Archive for December, 2010

Chapter 13 Bankruptcy and Foreclosure Is Not for Everyone

Sunday, December 26th, 2010

What should we do?  We have over $40,000 in credit card debt and $80,000 in a second mortgage. The value of our house equals our first mortgage and we had to move outside the area for a job opportunity.  There have been no offers on the house.  We don’t qualify for a Chapter 7 discharge and a bankruptcy attorney explained that over the next five years, we will end up paying all income, above our necessities and rent, towards our Chapter 13 payments to pay off the debts.  We would not be able to save a penny for the next five years, even for emergencies.  The legal fee for filing the Chapter 13 is $4,000, and we are not sure what this covers.  We are current with all our payments and have some credit cards maxed out, while a couple still have unused credit. The bankruptcy attorney advised us to stop paying everything: no more payments on credit cards and no more mortgage or other payments on the house, let have go into foreclosure.

My response:
Before you commit yourself to paying your entire disposable income for the next five years towards paying these debts and not able to save anything for a rainy day, perhaps you should see what happens if you stop paying some or all of your credit card debts.  You can then negotiate your credit cards and use the savings over the next few months to settle one or two of the credit cards.  There is a risk that all credit card companies will close your unused credit lines under the “universal default” clause in many credit card agreements, but maybe not or maybe they will not close immediately.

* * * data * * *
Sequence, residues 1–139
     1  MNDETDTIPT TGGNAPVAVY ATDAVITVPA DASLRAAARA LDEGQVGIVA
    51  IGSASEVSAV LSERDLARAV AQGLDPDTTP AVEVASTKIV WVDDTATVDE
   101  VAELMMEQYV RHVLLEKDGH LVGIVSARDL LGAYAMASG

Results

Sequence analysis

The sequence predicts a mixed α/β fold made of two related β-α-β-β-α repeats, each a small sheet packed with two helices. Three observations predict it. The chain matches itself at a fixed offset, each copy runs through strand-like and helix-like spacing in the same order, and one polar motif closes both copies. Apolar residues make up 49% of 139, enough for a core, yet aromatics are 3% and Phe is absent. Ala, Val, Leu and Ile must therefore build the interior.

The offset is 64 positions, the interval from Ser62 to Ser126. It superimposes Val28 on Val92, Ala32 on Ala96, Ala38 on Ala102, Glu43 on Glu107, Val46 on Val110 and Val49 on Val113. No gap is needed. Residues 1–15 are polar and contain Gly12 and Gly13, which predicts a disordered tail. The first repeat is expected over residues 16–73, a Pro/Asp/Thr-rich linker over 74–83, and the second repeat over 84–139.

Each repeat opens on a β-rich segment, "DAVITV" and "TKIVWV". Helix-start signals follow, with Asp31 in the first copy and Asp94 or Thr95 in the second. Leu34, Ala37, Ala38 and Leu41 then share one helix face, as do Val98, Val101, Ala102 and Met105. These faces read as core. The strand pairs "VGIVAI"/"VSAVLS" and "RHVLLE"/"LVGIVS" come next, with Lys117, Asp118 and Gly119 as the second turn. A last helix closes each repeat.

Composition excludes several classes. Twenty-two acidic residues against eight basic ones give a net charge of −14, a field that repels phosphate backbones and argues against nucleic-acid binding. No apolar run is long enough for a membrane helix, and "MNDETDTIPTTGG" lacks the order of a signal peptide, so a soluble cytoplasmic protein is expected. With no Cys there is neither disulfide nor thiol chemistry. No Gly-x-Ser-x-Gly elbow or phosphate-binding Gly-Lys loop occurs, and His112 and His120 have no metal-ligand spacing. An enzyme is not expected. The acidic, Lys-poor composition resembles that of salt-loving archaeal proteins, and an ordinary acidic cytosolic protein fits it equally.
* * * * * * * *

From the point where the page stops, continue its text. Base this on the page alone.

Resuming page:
As to the two residential mortgages, consult with a licensed real estate agent or broker in your area, who has experience in short sales.  Perhaps you sell the house and satisfy both the first and second mortgages, to avoid foreclosure by either.  Selling the house should payoff the first mortgage.  Dealing with the second mortgage as an unsecured loan, will force them to settle for much less. I had a prospective client tell me that the second mortgage lender contacted them after the foreclosure and proposed to settle for 10% of the balance. That’s 90% off.  If you can get a good settlement, then this will lower by about 2/3’s your unsecured debt.